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Somewhere in Queens          review by Bobby Blakey

Ray Romano made a name for himself as a stand-up and with his hit TV series Everybody Loves Raymond. Over the years he has been taken on a lot more dramatic roles to much success and now has his focus on getting behind the camera. For his latest film, Somewhere in Queens he is taking on multiple roles in co-writing the film with Mark Stegemann, starring and making his directorial debut. The film features a great cast including Laurie Metcalf, Tony Lo Bianco, Sebastian Maniscalco, Jennifer Esposito, Jacob Ward, Sadie Stanley, Dierdre Friel and Jon Manfrellotti, but does the film bring something special or will it fail to be fully seen?


Somewhere in Queens follows Leo Russo, who  lives a simple life in Queens, New York with his wife Angela, their shy but talented son “Sticks”, and Leo’s close-knit network of Italian-American relatives and neighborhood friends. Happy enough working at the family construction business alongside his father and younger brother, Leo lives each week for Sticks’ high-school basketball games, never missing a chance to cheer on his only child as he rules the court as a star athlete. When the high-school senior gets a surprising and life-changing opportunity to play basketball in college, Leo jumps at the chance to provide a plan for his future, away from the family construction business. But when sudden heartbreak threatens to derail Sticks, Leo goes to unexpected lengths to keep his son on this new path.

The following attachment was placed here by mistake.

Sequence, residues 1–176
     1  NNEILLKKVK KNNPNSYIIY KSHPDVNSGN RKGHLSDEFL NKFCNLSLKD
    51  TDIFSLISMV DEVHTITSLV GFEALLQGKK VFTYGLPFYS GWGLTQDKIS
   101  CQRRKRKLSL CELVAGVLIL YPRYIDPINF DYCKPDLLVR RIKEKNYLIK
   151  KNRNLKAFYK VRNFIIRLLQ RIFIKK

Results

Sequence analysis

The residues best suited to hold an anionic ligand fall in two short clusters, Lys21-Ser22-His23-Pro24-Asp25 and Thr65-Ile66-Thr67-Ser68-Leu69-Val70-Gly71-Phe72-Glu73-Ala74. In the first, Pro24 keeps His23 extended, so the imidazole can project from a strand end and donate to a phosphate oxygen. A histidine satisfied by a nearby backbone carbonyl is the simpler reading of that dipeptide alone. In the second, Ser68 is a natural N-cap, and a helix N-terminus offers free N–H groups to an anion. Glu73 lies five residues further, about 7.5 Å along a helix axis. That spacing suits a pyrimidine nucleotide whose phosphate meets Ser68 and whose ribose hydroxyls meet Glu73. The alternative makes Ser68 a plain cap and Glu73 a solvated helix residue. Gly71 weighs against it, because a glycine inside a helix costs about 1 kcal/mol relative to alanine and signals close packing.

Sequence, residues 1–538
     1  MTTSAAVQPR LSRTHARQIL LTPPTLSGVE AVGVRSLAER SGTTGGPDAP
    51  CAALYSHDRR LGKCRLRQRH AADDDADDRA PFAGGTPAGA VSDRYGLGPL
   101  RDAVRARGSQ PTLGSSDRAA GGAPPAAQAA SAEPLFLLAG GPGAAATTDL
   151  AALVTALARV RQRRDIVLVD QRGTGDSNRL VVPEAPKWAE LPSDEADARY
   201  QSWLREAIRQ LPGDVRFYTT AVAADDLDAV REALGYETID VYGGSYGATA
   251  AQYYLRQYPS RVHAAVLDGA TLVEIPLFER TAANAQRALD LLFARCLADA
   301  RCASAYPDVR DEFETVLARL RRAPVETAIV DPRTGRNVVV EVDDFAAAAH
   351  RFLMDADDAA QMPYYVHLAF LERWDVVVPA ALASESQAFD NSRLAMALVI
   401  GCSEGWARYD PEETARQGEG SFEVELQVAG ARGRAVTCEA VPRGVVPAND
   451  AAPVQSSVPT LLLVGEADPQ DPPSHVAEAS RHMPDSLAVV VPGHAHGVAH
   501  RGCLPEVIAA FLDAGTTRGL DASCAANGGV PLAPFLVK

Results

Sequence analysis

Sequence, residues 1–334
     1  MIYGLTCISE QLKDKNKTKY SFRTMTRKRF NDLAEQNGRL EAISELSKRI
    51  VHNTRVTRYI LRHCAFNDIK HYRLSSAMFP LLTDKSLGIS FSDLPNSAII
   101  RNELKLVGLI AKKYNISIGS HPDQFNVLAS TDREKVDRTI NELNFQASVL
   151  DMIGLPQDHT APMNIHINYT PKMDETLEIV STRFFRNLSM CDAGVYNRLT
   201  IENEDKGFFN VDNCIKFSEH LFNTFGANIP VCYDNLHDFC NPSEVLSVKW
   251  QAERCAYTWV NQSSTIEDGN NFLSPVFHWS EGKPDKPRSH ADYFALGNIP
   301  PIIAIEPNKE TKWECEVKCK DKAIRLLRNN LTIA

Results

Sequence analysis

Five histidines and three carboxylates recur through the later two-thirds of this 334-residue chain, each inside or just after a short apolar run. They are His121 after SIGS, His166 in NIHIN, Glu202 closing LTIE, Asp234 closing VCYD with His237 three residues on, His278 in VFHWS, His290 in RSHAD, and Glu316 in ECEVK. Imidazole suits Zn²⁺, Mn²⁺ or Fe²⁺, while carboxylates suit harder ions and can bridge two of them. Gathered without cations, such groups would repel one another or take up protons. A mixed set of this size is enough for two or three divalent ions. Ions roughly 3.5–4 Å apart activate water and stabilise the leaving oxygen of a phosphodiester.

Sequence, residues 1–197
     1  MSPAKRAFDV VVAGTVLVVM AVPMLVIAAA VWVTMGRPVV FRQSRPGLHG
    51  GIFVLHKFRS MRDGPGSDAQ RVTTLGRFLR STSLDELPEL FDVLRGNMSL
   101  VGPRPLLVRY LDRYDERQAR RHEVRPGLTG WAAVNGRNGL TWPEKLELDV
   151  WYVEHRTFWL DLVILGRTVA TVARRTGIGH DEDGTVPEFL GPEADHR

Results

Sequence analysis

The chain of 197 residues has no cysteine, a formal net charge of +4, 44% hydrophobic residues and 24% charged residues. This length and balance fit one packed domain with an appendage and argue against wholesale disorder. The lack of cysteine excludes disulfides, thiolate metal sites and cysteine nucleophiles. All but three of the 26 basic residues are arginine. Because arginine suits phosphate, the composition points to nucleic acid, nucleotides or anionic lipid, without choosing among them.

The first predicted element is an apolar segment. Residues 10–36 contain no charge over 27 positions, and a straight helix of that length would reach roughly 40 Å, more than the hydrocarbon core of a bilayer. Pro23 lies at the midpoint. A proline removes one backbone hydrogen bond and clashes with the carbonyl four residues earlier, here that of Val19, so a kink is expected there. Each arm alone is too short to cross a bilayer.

I love stories that take on elements of real life when they are handled correctly. This is one of those films that isn’t about all the frills and excitement, but instead just people living their lives and trying to deal with family, finding themselves and the trials that are in front of them. It’s not a story we haven’t seen in some capacity

before, but just interesting enough to deliver something heartfelt and impactful when it needs to be.


Romano brings his everyman persona to what is clearly a personal story and delivers on every level. His dry delivery is perfect for this character and brings an awkwardness to his role that is relatable and entertaining to watch even when he is making bad decisions. The flipside of this coin couple is played to grumpy perfection by the always great Laurie Metcalf. They have great chemistry in a relationship that feels real. These two people care about each other, but also phased by the years and life struggles making it work. They want different things and have different views as all couples do and it just works.


The bigger family dynamic and supporting players bring that needed layer of humor and depth that helps to better understand what these characters have been around and deal with all their lives and you see why they are pushed into certain directions. On the other side of this all is a coming of age story following their son and his own trials in finding himself and love in a hard world to navigate. Everyone gives great performances along with Romano’s well done first time out directing to bring a film worth checking out.


Decide for yourself and check out Somewhere in Queens in theaters now from Roadside Attractions.

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